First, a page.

German military officer known as Franco A. is guilty of conspiracy against terrorism

FRANKFURT – In one of the most spectacular trials in post-war Germany, an officer posing as a Syrian refugee was sentenced on Friday to five and a half years in prison for participating in a far-right terrorist plot to assassinate prominent public figures in Germany in the hope of overthrowing a democratic order.

The case of First Lieutenant Franco A., whose last name was shortened by the authorities to comply with German privacy laws, shocked the country when he was arrested five years ago and pushed the country to fight against the growing threat of far-right infiltration of the military and police.

Franco A. was found guilty of conspiracy to terrorism, illegal possession of a weapon, and fraud for his attempts to impersonate a refugee, although three months of his sentence are considered to have been served, as he has been in custody since being re-arrested earlier this year.

In 2017, he was caught trying to retrieve a loaded handgun that he hid in a toilet at Vienna airport. His fingerprints later revealed his second, fake identity as a Syrian refugee, sparking alarm and an investigation that would span three countries and several intelligence agencies.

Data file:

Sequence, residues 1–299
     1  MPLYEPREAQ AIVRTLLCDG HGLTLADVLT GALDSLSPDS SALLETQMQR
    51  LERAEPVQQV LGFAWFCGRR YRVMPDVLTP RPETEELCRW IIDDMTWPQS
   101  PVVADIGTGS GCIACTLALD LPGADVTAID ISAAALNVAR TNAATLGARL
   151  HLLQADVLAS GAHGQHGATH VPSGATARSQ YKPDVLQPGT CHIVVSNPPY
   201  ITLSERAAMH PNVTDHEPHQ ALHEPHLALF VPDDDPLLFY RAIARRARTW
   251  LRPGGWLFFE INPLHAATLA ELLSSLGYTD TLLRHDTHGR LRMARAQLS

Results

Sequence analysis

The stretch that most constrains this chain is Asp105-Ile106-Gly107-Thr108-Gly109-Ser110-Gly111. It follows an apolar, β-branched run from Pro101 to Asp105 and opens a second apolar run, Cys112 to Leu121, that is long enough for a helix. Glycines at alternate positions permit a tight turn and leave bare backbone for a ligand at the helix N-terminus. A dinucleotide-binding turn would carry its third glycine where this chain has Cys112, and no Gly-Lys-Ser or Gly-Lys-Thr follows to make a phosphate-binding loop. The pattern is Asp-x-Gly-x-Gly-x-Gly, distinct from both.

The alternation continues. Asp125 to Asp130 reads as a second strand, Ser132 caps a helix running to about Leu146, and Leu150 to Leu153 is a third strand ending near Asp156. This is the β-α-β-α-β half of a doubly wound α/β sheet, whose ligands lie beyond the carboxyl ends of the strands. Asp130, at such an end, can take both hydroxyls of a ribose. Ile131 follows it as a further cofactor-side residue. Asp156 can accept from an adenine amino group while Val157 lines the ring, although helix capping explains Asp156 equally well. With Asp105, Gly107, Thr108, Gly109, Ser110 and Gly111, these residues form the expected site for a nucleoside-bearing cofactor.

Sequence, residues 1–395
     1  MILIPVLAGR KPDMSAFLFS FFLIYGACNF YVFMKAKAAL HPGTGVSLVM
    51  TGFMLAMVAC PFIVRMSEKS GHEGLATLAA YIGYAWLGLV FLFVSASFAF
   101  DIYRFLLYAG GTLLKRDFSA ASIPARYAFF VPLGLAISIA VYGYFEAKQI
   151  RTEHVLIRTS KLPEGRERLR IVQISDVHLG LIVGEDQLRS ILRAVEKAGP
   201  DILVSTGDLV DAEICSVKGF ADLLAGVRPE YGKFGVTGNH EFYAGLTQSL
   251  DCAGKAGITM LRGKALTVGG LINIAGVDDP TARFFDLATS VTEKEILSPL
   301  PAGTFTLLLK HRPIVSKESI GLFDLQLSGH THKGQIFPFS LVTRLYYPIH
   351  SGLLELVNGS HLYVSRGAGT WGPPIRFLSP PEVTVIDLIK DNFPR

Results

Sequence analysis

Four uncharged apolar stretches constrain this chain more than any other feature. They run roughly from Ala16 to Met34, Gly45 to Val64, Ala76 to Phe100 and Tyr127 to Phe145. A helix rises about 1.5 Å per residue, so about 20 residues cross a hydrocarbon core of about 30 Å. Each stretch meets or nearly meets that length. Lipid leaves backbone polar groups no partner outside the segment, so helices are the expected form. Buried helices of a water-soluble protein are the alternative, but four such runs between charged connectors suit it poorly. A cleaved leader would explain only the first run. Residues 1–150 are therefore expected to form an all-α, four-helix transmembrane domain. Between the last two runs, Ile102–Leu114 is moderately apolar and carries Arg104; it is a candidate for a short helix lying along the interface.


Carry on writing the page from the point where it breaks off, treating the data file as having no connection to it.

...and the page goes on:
Prosecutors accused him of planning one or more assassinations using his false Syrian identity with the intent to stir up growing fears about immigration to Germany and provoke a national crisis.

This case was another warning for a country that spent decades redeeming its Nazi past, but at the same time failed to fully solve the problem of far-right extremism and terrorism.

Franco A. maintained his innocence to the end, but a series of revelations during the 13-month trial hardened the case against him.

A series of anti-Semitic and racist audiotapes he recorded about himself, some of them fantasizing about “killing” political enemies and applauding anyone who “destroys” the state, were played in court, leaving no doubt to the “hardened far right”. mentality,” the prosecutor’s office called it a political motive.

Charged by the prosecutor’s office with possession of more than 1,000 cartridges, four pistols and about 50 explosives, some of which were stolen from the military bases where he was, Franco A. made a slip at the beginning of the trial and admitted that he had a weapon. .

“Storage and acquisition took place,” he said, although he declined to say where he obtained the weapons, including the G3 assault rifle, or where he disposed of them. To this day they have not been found.

Franco A. began the process as a free man, having been released from custody three and a half years before it was opened. But in a dramatic scene at a subway stop in February, Franco A. was again taken into custody after he went to the house of his colleague and took a bag full of Nazi memorabilia.